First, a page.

BPR: But would you say there is a need for an objective metric to measure both student and teacher performance?

Regunberg: There have been a lot of questions similar to this one throughout our campaign – so what’s the alternative if it’s not this high-stakes test? Our students did a lot of research on different systems around the country, some of which were successful and others of which failed. And what our student leaders have been advocating for is a system of performance-based assessments. In New York State, there is a group of 28 schools called the New York Performance Standards Consortium. At each school, students complete a long-term, rigorous, standards-aligned performance-based project in each of the core classes where you really need to prove your competency and proficiency. But they have some creative license and control, where they choose what they’re working on instead of having this long assessment where they’re just sitting there taking a test. And those schools in New York City with identical demographics to the rest of the city have had higher graduation rates, higher college acceptance rates, and more importantly, higher college completion rates. So students have been saying, “We know there are alternatives that actually work better and don’t have any of these unintended consequences of high-stakes testing – why aren’t we giving them a try?”

BPR: Would you say that student unionization has a role to play in increasing the quality of teachers?

Students coming together and standing up for what they believe in has a big role to play in improving every aspect of our educational system. Regunberg: Students coming together and standing up for what they believe in has a big role to play in improving every aspect of our educational system. Nowadays, there are a lot of different interests in the school reform movement. There are CEOs, there are nonprofits, there are politicians, there are bureaucrats, there are lots of different folks and they all have a different idea of what students need. But the one group that really doesn’t have a voice are the people who are most impacted by these decisions, whose educations and futures are on the line. So having students be a part of that conversation, be at the table, be leading that conversation, is vital because students know what works in their schools. Anyone who has been a student knows that kids can say, “This thing worked really well, this thing was making our classes better and more interesting, I was actually putting down my phone because class was interesting, this was making the atmosphere more conducive to learning and this was not, this was hurting it, this was making kids pissed off,” and so on.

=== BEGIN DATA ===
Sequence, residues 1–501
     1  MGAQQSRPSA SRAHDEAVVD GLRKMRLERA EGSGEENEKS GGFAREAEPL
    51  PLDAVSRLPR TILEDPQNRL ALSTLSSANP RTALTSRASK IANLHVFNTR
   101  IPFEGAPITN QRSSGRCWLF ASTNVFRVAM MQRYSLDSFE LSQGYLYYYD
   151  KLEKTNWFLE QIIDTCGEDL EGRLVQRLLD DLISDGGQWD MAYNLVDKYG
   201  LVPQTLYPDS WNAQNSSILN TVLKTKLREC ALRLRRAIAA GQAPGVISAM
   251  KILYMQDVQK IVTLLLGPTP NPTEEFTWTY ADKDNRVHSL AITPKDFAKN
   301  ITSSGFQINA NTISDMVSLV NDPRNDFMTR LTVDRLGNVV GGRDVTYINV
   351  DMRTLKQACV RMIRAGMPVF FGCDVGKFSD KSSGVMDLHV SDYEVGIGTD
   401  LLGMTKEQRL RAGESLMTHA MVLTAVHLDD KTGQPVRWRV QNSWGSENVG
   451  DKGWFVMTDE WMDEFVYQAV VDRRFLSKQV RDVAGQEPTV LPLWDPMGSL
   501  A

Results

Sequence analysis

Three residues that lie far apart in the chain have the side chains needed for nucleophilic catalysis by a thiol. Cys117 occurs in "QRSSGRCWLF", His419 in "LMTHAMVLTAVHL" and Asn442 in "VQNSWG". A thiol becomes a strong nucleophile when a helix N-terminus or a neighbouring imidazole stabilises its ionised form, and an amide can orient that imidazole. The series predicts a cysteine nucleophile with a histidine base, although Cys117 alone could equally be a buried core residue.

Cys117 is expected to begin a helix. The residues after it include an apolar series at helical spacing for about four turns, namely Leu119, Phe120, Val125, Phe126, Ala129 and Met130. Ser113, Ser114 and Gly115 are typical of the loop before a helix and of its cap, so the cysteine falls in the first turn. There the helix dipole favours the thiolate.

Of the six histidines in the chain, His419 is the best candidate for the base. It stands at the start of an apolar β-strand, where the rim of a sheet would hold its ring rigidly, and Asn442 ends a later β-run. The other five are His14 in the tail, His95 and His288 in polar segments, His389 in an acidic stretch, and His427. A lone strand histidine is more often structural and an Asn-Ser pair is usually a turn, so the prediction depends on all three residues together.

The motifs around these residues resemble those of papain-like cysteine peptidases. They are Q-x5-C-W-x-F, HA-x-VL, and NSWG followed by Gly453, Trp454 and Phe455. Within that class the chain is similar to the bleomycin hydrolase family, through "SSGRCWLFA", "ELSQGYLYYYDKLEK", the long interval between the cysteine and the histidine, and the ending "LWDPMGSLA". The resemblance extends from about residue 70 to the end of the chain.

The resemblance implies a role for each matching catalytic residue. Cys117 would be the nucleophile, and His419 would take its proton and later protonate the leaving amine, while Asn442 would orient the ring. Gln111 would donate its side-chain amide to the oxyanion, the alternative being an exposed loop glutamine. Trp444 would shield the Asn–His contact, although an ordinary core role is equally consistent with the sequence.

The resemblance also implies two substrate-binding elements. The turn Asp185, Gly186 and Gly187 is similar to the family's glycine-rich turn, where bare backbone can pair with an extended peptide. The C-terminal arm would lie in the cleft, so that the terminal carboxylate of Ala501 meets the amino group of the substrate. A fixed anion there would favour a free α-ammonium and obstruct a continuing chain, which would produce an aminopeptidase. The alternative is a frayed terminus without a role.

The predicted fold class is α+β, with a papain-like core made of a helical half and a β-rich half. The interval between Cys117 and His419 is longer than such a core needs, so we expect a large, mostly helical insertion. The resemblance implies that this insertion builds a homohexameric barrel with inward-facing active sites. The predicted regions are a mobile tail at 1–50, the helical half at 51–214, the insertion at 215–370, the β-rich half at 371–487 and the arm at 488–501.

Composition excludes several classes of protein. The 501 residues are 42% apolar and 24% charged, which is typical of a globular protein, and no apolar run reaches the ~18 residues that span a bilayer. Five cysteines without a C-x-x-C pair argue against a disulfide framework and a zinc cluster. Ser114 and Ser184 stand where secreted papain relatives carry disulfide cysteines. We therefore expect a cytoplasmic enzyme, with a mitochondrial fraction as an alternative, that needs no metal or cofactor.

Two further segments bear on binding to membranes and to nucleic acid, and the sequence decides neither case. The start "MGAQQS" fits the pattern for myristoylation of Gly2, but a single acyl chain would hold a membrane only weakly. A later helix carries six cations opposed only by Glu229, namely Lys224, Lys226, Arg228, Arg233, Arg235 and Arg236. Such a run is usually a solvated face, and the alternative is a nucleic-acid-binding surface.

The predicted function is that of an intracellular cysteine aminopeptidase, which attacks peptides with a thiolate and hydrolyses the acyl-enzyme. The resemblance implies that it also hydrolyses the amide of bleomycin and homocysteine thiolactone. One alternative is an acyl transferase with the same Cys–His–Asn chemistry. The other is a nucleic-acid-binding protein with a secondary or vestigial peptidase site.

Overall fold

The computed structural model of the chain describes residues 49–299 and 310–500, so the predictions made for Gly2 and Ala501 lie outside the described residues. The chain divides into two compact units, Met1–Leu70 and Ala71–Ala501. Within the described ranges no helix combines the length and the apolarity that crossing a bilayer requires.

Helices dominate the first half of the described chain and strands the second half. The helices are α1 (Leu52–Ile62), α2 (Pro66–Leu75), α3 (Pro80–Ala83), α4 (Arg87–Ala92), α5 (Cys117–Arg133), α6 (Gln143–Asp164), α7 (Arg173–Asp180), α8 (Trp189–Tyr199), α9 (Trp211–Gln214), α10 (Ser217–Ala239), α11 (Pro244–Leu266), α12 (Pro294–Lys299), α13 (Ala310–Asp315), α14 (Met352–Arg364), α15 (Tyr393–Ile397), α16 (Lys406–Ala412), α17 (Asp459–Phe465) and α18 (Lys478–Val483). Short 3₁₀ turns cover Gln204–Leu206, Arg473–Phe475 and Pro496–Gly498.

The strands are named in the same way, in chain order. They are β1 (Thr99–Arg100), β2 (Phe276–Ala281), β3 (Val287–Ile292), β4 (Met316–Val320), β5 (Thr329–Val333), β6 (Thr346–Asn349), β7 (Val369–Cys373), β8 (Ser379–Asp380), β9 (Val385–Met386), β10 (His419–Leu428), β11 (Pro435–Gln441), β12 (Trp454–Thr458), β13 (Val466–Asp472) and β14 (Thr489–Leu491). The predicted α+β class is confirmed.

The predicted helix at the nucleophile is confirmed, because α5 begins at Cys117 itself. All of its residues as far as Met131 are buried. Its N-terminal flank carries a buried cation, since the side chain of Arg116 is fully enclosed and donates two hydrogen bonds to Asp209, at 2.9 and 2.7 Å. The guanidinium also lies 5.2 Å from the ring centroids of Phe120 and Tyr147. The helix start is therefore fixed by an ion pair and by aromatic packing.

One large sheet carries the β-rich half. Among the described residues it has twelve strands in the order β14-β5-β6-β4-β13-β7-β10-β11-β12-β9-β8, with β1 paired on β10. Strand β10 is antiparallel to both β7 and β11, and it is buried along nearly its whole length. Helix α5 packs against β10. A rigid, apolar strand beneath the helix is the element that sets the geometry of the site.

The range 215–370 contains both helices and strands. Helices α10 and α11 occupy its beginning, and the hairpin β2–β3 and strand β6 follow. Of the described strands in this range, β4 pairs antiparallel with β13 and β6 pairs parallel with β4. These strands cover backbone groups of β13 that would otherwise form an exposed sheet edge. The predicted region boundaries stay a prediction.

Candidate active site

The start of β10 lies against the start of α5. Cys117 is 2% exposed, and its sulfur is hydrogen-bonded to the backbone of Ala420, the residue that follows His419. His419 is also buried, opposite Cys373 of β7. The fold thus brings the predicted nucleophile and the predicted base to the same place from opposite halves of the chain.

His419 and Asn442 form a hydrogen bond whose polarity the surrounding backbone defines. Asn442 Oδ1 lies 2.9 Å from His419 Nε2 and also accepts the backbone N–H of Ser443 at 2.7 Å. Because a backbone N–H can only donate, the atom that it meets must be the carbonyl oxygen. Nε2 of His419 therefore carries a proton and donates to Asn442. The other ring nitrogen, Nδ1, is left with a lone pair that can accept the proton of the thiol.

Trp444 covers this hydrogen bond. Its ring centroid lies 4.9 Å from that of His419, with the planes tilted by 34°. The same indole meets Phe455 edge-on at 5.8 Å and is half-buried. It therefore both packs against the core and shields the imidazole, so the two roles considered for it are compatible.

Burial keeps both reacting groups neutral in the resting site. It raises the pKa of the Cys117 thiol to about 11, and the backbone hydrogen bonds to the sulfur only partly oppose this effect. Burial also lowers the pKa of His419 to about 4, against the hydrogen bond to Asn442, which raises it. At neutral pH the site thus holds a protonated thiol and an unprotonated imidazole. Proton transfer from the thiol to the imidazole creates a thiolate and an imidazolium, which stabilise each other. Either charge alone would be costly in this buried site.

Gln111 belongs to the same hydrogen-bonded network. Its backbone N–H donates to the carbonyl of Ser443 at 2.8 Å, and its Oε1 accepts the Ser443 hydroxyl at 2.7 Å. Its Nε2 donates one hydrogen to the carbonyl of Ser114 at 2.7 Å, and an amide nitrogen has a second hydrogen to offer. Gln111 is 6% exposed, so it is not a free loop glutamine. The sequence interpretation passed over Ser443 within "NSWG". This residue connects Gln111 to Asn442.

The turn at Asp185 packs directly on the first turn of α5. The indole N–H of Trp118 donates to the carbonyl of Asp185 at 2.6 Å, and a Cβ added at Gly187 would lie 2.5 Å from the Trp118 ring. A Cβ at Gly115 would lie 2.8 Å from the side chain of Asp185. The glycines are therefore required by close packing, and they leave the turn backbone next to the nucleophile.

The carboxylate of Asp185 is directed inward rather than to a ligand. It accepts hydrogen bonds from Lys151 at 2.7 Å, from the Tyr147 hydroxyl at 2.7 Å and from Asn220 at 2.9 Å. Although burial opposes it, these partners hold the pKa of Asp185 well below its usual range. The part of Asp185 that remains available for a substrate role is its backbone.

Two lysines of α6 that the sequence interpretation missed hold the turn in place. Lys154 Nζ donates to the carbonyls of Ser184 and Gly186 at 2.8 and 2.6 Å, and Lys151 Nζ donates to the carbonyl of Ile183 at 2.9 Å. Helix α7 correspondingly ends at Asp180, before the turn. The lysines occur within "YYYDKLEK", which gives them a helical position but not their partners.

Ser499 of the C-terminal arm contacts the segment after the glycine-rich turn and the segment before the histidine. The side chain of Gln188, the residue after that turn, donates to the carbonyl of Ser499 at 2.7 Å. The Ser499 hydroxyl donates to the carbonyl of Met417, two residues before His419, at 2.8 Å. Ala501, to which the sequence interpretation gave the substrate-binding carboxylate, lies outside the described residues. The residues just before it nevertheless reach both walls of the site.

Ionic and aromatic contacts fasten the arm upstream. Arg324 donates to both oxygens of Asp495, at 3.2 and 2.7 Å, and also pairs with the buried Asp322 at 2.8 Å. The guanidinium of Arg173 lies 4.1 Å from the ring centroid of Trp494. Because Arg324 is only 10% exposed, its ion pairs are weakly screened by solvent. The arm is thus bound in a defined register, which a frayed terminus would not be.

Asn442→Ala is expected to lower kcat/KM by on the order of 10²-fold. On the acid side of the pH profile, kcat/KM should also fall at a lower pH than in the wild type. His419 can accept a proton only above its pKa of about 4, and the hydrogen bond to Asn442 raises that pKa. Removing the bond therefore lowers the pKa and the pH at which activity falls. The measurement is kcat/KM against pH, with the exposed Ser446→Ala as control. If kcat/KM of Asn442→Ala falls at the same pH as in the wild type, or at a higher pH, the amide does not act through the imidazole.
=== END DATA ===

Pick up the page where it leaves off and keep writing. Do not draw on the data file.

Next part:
The fact that we’re not listening to that whole world that’s so rich for informing policy is a big problem. And students have found that generally they don’t get that seat at the table simply by asking nicely. Students have to build the power and come together to gain that seat. The “unionization,” as you say, of students is very important and we’re seeing that here in Providence, where there are a number of youth groups. We’re the Providence Student Union, but there are groups around the country that are working to bring student voices into the conversation.

BPR: What do you see as the way forward for education reform in the US?

Regunberg: Personally (which is different from me as the director of the Providence Student Union), what I think needs to happen is that we are really broadening the conversation on school reform, to include all of the factors that actually affect students’ lives and students’ academic outcomes. So when we’re talking about education reform, we need to be talking about poverty, we need to be talking about social services, we need to be talking about making sure students aren’t homeless, that students aren’t hungry. When we’ve had all of those things in place, we’re going to see students performing a lot better academically, no matter what happens in the schools. In the schools, and this is more directly what PSU has been saying, we need to be really teaching and learning. Particularly when you have a system of high-stakes testing, the students who are impacted the most are the ones who have the lowest test scores, because they are the ones who need to raise their test scores. But when you have this arbitrary bar, there are a lot of ways to game the system. There are a lot of things that teachers, administrators and school systems feel they need to do in order to reach that bar, but those ways of gaming the system aren’t what students actually need in order to become great humans. That’s not the education I got, where you’re stripping out electives, and extracurriculars, and sports, and history, and project-based learning, and field trips, which are a total thing of the past in the Providence public schools – things that actually make students get up and want to go to school and want to learn, because all that can happen is the test prep, test prep, test prep. As long as we’re doing that, those problems aren’t going to go away; they’re going to get exacerbated, so that’s one thing that I hope and that our students hope is going to change in the future. We’ll have to see.